Day At The Track

New Certified Residency bonus initiative

09:25 AM 16 Apr 2020 NZST
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Debbie Warnick
VHHA Executive Director Debbie Warnick checks on standardbreds Skittles and Geatorwithdaheater, two Delaware-breds based at the Powhatan Plantation in King George. The pair are owned by Bob Rice.
Powhatan Plantation in King George is a Virginia farm/training center that is embracing the Virginia Harness Horse Association's (VHHA) new Certified Residency bonus initiative, which brings young horses into the state to be raised for a six month period of time before they turn two. A pool of $400,000 in bonus money is available for the 2019 foal crop with $600,000 for the 2020 crop. The incentive monies are distributed between the horses respective two and three-year-old campaigns.
 
Located 16 miles east of Fredericksburg and three miles west of Route 301, Powhatan is a 1,000 acre farm that was built in 1829. The property was purchased in 1952 by Raymond Guest, a former U.S. Ambassador to Ireland, who owned, raced and bred thoroughbred horses in England, Ireland, France and the U.S.. Formerly a major agricultural center that traded with ships from England from its dock on the Rappahannock River, Guest designed and laid out a farm upon purchase based on his interest in thoroughbreds.
 
His racing resume is impressive. Guest is one of three horse owners in history to have won both the Epsom Derby (with Larkspur in '62) and the Grand National at Aintree (steeplechase with L'Escargot in '75). In the States, his Tom Rolfe won the Preakness Stakes in 1965 --- with jockey Ron Turcotte aboard --- and was named American Champion 3 Year Old Male Horse that year. In 1958, Guest served as President of the Virginia Thoroughbred Association. He was a past Chairman of the National Steeplechase & Hunt and also played polo in the "Golden Age of Polo" and was inducted into that sport's Hall of Fame.
 
 
Guest passed away in 1991 and his son Achille now lives in the property's main house which is currently undergoing renovations. The Plantation property itself includes a 3/4 mile oval training track, a main training barn, broodmare barn and a yearling barn. 600 of the acres feature well fenced pastures and paddocks. A long airstrip that divides the expansive complex allows horse owners to fly in. There are currently 210 horses on the grounds now, all of which are polo horses except for 13 which are recent standardbred arrivals courtesy of that breed's new residency program.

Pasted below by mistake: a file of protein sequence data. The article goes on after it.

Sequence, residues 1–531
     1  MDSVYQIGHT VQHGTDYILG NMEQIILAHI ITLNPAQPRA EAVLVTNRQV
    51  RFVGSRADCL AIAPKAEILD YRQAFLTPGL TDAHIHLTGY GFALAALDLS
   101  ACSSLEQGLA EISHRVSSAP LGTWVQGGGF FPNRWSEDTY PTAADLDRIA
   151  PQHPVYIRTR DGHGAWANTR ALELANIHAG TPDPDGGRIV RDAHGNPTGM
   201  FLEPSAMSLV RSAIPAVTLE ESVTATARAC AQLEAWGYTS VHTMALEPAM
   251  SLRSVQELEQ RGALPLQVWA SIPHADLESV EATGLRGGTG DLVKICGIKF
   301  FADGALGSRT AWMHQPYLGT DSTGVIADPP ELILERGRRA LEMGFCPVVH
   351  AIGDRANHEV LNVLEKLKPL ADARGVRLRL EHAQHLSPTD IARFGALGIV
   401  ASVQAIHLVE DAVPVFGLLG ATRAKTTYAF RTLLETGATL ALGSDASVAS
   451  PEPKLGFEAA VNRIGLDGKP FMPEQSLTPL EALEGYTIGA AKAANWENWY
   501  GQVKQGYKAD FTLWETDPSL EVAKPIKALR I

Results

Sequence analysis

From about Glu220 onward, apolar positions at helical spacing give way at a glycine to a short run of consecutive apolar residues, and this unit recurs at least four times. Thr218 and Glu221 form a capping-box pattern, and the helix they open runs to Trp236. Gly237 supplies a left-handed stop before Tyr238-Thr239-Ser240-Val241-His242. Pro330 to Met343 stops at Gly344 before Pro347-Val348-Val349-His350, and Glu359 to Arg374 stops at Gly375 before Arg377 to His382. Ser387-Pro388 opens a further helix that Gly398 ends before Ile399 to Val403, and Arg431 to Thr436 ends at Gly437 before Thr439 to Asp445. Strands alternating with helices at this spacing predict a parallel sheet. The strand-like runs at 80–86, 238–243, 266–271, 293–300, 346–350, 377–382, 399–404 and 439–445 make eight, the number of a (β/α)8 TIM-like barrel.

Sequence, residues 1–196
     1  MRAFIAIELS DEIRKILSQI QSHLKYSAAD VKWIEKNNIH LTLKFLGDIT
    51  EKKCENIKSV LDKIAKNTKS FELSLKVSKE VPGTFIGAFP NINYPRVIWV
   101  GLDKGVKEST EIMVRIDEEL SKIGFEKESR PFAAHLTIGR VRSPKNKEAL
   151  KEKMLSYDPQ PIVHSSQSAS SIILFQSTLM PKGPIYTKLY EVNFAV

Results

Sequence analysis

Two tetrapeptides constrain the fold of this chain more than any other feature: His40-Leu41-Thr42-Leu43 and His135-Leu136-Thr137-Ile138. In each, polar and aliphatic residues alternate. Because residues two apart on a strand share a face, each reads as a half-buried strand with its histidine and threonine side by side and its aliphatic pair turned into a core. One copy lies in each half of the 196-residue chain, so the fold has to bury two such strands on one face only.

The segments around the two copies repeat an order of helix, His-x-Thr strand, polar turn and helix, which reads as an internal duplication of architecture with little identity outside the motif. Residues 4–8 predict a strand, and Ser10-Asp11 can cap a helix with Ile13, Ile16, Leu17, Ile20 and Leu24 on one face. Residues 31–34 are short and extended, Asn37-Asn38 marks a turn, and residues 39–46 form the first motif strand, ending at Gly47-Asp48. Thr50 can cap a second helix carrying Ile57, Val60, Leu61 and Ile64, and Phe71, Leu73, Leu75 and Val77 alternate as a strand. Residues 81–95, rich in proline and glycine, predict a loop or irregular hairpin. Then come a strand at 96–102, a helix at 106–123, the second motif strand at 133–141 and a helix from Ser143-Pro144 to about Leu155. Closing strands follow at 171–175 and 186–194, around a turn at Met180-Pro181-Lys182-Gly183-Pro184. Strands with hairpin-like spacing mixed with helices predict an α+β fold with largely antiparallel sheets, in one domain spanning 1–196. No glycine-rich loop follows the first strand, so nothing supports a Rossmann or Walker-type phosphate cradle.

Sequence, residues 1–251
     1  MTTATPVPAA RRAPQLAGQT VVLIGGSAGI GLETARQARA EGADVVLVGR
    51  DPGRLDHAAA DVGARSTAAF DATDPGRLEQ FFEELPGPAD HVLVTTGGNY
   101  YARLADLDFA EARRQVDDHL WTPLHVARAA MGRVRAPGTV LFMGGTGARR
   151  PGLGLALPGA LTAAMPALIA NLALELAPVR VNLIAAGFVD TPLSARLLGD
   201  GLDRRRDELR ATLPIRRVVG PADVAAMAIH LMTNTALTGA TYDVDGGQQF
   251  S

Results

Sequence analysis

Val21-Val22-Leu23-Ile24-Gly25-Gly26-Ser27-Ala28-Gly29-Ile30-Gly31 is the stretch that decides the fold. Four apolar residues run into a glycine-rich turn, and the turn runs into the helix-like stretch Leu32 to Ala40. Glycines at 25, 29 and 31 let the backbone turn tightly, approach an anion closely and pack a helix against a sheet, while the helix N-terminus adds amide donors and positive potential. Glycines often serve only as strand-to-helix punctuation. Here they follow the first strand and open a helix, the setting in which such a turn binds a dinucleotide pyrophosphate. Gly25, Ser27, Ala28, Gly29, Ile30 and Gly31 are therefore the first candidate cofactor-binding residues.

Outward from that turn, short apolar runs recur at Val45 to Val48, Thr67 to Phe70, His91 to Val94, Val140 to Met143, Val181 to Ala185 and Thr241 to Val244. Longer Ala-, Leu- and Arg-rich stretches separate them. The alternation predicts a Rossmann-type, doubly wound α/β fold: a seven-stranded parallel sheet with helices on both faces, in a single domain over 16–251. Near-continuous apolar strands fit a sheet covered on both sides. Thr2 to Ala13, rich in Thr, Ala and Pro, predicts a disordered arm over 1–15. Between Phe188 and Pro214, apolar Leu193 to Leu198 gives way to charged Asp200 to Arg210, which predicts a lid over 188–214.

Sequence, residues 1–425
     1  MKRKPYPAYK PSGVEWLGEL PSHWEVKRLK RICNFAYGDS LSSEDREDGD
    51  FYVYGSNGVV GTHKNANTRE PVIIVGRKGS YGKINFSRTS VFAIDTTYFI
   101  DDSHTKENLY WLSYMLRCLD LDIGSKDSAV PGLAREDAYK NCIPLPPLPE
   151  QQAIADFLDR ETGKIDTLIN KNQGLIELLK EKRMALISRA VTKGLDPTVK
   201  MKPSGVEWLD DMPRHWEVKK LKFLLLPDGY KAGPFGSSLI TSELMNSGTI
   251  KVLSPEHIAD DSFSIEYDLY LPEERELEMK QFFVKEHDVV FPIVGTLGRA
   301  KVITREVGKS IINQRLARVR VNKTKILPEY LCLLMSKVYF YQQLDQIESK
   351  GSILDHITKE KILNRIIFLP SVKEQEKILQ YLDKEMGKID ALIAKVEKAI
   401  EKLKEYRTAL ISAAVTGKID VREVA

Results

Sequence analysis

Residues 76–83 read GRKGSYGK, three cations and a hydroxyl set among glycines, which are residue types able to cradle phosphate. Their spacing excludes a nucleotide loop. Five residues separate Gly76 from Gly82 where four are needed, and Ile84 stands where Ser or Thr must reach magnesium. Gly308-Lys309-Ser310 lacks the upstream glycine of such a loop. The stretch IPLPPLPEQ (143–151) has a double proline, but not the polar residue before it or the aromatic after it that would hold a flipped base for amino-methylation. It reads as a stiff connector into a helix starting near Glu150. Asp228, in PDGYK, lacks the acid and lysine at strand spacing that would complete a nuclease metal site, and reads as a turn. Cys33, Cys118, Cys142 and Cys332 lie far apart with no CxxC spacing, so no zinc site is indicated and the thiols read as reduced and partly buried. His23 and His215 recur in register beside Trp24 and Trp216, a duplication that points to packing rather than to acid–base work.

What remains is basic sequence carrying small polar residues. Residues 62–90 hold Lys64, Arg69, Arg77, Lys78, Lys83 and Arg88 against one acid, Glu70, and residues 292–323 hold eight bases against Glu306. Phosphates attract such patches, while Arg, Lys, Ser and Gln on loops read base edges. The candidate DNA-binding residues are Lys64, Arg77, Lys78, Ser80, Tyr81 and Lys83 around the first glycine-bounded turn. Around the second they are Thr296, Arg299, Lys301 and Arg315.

Holly Layne is Farm Manager at the Potomac Plantation. A Charlottesville native, she has been there three years now and stays quite busy boarding professional polo horses from top ten players and teams. In the past couple months, they have added standardbreds to the mix.
 
Layne has a staff to tend to the horses and maintain the large property. Her assistant Gena Nelson lives in a house on the grounds. Her son Wyatt and niece Lucy help with cleaning stalls. A team of four maintenance workers do everything like fixing fences, cutting trees, weed eating, mowing, bush hogging, dragging and fixing equipment.
 
"It's great to have the extra help here now," she said. "For a while, it was just Jena and myself. That was it for a long time. We both live at work and work from home so we're always here."
 
 
When Layne arrived in spring of 2017, there were 36 horses on the grounds. In 2019, that number rose to 300. "That increase is due to a lot of hard work. I always make myself available to owners, network with them and make them feel like their horses are well cared for," she said. "We have the staff to do it. Every horse is checked after twice a day. We have a hands on approach. It's a lot of work but every horse on the farm gets touched and eyeballed. They get the best care we can give."
 
Layne goes out her way to help owners whether it be sending them pictures and videos of their horses, getting health certificates or providing overnight accommodations for drivers who ship horses in and out. "Positive word of mouth has been the biggest help with advertising Powhatan," she added. "I stay in contact with the owners. I know who all the horses are and where they are. Owners can contact me any time for whatever their needs are."
 
The three years spent at Powhatan have been a learning experience for Layne because she never played polo or even watched a match before arriving in King George. "I grew up riding hunter ponies then started doing speed events like team penning and barrel racing," she said. "I managed my own farm, bred and raised quarter horses and paints and pretty much worked for myself like most breeders. I do have a variety of experience," she added. "I've come through the ranks and have worked with some really good mentors. There's been a lot to take in and learn here."
 
For more information on the Powhatan Plantation or boarding prices, call 540-775-4434 or e-mail powhatanplantation1@gmail.com. For details on the Certified program itself, visit vhha.net or call Debbie Warnick at 443-463-0917. The fifth pari-mutuel harness racing season at Shenandoah Downs in Woodstock will take place this fall. Opening day is slated for September 18.
 
Darrell Wood
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